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An insider's guide to choosing a financial adviser

Can clients be at fault if they're not happy with their investment adviser?

Veteran adviser Betty Tomsett says people aren't putting enough effort into the search for an adviser, and this is leading to disappointing relationships.

"The client needs to step up," said Ms. Tomsett, director of wealth management at Richardson GMP Ltd., and an investment adviser since 1986. "This generation has been spoiled – we've had people doing things for us all our lives. We're happy to delegate but we're not willing to step up and be proactive where we need to."

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What follows is Ms. Tomsett's insider guide for people who want a methodical approach to interviewing a prospective adviser. "These questions are about as probing as you can get without the adviser kicking you out the door," she said.

Find prospects to interview

It's often said that the best way to find a good adviser is to ask friends, family and business contacts to refer someone they use and like. Ms. Tomsett refines this advice a little. "Go not to your best friends, but to people who have done well financially, who you admire and who are in the same financial bracket as you. You don't want to end up with an adviser who only deals with high-net-worth clients."

Set the interview dynamics

Two key points to start – the meeting must be face to face, and you should meet with the adviser and not his or her associates or assistants. High-powered advisers may have marketing assistants or a business development person. That's fine, but you're hiring the adviser, not the support staff.

The interview is as much about watching as listening, Ms. Tomsett said. "When you have a face-to-face meeting, you get to look at a smirk on the face, whether they roll their eyes, whether they're watching the clock. You're looking to see if the adviser is answering everything straight on, if there's no rush and the body language is open and professional."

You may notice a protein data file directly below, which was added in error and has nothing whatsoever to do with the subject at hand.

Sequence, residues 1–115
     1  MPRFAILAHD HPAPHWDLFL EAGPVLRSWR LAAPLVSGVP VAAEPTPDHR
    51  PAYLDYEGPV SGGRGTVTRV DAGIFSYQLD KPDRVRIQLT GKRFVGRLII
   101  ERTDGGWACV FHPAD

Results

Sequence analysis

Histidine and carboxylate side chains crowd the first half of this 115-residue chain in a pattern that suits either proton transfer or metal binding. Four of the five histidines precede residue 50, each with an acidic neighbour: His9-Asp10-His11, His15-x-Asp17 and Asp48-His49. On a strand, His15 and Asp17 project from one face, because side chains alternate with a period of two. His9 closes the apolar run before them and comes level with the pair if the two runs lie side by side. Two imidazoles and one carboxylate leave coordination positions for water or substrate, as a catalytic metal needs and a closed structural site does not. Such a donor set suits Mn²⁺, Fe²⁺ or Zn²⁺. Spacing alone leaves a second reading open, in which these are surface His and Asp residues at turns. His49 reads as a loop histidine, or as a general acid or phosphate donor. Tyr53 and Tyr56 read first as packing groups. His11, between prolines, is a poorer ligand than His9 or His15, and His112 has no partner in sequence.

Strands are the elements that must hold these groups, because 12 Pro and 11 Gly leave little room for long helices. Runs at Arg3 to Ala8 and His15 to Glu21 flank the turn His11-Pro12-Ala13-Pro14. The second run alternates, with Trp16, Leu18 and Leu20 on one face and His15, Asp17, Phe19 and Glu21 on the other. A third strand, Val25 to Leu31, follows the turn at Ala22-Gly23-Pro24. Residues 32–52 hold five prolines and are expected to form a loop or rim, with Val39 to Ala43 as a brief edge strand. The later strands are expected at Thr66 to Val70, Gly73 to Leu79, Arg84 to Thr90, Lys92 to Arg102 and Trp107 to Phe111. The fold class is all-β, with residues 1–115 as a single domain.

Come prepared by bringing your financial statements. "The meeting might go quite well – you don't want to be prevented from asking specific questions because you don't have your personal details."

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A question to get out of the way early is how large the adviser's client base is. The total dollar value and number of accounts are less relevant than the number of households the adviser is working with, Ms. Tomsett said. Watch out for advisers with hundreds of households – they may have trouble finding time to discuss volatile markets like we're seeing now with each of their clients.

If the adviser you're talking to uses a team approach, get the background on the team members and find out who'll you'll be speaking to when you call in with questions.

Suss out the qualifications

Start with the basics: How long have you been a licensed adviser, what professional designations have you earned, and what do those designations mean? Not surprisingly, Ms. Tomsett favours the adviser with enough experience to have seen a few up-and-down market cycles.

For a more thorough look at your adviser's experience, ask to see his or her résumé. Look for relevant work experience as, say, an accountant or business owner. "This information helps you put their whole professional acumen into context," Ms. Tomsett said. "You want them to be street smart."

By all means ask for references, but recognize that an adviser is only going to give out names of people who he or she is comfortable with and have done well. Why bother with references, then?

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"What you're doing is sending a message to the adviser – I'm not afraid of you, you're accountable to me and I will decide. It's more a matter of the profile of yourself that you're presenting to your adviser. You're saying, I'm not a pushover here."